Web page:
Our best hope is to make our current and future enemies understand how devastating it can be to attack America or our friends or even threaten our way of life. We have to deal with our enemies from a position of strength. That’s all they understand or respect. And we have to deal with them before they strike us. It’s much better to do that on their soil, rather than letting them come to ours.
Because this beloved flag of ours is the symbol of all that is good about this country.
That’s right. America is good because America is more than a place; America is an idea. It is an idea lived, and fought for, by a people. We are America, and this flag is our symbol. We may be imperfect in many ways, but we continue to strive toward the same ideals our forefathers laid down for us over 230 years ago. And despite our problems, we are the greatest beacon of freedom, charity, hope and opportunity the world has ever known.
My father told me that as he patrolled the jungles of Vietnam, he knew once he could see the Stars and Stripes he knew he would be safe. You and I today have that same security; as long as she always flies we too will be safe.
United under this flag, this nation, this melting pot of humanity, this free republic, must be preserved. This idea that is America is important enough to be defended, fought for and even died for.
Our enemies will never understand our society, but they should understand this; once threatened, we will act decisively; once attacked, we will bandage our wounds, we will bury our dead; and then we will come for you, and we will destroy you and all you stand for.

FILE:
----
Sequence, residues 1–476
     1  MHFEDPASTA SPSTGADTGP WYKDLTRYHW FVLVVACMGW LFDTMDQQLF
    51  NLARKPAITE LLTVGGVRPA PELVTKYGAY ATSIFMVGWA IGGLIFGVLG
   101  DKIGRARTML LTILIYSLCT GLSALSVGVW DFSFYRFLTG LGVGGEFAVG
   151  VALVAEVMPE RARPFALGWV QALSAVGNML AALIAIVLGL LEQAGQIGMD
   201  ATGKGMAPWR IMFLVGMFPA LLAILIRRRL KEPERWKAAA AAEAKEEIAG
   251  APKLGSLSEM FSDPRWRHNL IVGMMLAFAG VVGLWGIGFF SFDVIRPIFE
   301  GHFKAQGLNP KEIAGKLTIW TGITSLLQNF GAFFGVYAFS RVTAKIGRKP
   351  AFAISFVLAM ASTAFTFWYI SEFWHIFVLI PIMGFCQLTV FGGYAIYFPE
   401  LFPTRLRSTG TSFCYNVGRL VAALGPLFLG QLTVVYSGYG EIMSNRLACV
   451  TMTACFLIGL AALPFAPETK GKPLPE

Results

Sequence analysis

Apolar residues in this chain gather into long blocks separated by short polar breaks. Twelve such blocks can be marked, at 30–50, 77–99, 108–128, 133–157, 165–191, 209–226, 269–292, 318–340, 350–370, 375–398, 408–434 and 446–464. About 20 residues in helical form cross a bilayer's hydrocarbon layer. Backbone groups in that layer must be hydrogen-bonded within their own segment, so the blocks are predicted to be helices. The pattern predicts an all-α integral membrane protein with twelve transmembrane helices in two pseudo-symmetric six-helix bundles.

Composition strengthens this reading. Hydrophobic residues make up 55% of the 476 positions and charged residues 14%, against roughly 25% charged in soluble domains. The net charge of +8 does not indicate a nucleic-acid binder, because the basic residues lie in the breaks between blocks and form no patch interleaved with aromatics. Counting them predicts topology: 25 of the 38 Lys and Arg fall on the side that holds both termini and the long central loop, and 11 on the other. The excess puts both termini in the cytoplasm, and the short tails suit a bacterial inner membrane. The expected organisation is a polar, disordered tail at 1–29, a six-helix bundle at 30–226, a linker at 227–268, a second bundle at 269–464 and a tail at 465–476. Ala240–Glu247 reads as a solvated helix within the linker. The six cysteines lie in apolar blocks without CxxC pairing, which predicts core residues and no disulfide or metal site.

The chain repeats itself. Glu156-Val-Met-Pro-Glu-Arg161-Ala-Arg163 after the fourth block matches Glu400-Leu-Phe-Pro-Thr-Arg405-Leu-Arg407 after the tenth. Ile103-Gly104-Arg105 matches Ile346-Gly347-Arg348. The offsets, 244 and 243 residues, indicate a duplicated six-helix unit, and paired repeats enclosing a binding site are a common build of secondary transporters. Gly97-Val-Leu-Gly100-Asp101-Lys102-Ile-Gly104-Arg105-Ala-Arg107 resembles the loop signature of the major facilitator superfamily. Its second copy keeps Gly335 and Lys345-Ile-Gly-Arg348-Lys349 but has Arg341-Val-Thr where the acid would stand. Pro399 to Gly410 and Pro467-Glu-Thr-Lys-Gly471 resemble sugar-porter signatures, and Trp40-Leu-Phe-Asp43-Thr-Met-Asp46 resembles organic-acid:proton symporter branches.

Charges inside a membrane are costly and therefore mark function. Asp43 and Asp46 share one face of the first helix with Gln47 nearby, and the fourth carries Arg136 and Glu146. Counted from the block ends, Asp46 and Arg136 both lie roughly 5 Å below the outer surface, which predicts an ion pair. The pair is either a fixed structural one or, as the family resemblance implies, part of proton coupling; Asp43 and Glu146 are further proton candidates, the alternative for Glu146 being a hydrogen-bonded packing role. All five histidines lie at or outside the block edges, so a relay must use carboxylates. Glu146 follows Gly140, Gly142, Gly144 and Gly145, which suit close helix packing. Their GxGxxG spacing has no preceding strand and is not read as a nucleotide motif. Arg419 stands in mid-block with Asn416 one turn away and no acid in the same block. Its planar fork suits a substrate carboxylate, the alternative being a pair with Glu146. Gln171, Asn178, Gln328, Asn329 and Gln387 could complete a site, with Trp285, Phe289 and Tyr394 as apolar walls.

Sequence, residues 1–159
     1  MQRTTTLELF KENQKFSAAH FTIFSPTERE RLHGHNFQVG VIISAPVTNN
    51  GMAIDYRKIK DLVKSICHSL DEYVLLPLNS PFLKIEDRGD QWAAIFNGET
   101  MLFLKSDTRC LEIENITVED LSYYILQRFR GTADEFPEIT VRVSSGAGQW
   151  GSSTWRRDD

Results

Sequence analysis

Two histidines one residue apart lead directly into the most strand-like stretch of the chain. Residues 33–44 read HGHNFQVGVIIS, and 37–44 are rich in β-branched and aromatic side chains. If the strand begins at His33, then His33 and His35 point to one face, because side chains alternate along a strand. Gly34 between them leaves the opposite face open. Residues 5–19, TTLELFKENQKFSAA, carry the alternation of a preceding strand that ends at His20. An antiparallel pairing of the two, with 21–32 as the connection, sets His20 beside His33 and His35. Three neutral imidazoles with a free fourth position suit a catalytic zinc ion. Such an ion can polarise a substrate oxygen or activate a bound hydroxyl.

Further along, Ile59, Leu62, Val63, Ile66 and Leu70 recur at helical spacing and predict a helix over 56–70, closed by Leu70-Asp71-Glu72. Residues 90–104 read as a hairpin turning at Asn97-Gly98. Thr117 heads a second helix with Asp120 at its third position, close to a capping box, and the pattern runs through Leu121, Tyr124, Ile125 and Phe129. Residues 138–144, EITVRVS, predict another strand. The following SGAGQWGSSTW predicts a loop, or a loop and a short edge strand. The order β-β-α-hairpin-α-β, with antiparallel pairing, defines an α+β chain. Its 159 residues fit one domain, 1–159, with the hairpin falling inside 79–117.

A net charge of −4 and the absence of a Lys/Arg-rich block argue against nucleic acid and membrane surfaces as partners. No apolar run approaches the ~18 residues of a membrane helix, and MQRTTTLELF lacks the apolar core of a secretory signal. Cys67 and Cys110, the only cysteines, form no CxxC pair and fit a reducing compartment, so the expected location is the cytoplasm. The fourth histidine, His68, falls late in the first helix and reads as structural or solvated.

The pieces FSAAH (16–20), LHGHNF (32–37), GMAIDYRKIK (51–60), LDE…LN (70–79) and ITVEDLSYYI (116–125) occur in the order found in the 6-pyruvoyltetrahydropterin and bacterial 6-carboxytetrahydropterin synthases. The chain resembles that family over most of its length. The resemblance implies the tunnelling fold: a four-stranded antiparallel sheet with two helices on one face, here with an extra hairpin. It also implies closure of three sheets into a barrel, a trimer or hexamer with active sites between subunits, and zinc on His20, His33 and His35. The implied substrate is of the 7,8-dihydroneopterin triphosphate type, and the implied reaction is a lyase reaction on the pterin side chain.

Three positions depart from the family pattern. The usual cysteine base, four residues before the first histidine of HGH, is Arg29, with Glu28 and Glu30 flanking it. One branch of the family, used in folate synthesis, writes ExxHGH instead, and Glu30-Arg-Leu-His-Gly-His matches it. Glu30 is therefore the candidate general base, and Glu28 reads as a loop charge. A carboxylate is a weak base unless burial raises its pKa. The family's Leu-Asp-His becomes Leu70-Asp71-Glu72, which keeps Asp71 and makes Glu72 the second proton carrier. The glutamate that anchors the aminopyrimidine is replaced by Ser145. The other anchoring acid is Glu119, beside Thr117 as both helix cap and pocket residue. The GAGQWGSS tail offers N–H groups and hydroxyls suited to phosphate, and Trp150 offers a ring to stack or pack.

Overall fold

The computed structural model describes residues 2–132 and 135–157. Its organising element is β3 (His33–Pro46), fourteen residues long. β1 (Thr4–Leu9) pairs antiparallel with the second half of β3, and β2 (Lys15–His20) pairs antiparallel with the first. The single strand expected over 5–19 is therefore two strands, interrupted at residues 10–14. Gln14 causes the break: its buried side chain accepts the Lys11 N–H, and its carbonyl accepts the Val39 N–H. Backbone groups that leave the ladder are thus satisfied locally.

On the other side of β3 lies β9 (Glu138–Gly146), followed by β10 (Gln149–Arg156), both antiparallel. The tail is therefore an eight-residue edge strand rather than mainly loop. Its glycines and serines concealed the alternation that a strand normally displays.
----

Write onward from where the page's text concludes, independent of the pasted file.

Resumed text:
The Apostle Paul writes “We are pressed on every side, but not crushed; perplexed, but not in despair; persecuted, but not abandoned; struck down, but not destroyed.” That is from II Corinthians. You see, because of today and those who fight and those who died fighting I have the freedom to quote the Bible in a public forum. I can talk about my God and my Savior Jesus Christ to all those who will hear. I have the freedom to do as I choose as long as it lawful. Why? Because these Heroes of our country believed in a land of freedom! They believed in it so much they gave us the ultimate gift, their life!
In tribute to those service members who have served and those still enduring incredible hardships so we can continue our comfortable daily lives, I’d like to close with a quote from Shakespeare’s Henry V:
“Whoever does not have the stomach for this fight, let him depart. Give him money to speed his departure since we wish not to die in that man’s company. Whoever lives past today and comes home safely will rouse himself every year on this day, show his neighbor his scars, and tell embellished stories of all their great feats of battle. These stories will teach his son and from this day until the end of the world we shall be remembered. We few, we happy few, we band of brothers; for whoever has shed his blood with me shall be my brother. And those men afraid to go will think themselves lesser men as they hear of how we fought and died together.”
Tonight when you go home, I challenge you to pray a prayer. Even if you have never prayed a prayer before, now is the time to start! Thank God for our country and those who have died for it. Ask God to continue to guide our country and to give our leaders wisdom. Ask God to protect those who are fighting for our freedom this very day. Whereever you go from here remember as a country, the United States of America, “United we stand, divided we fall.”
Thank you, and may God bless you!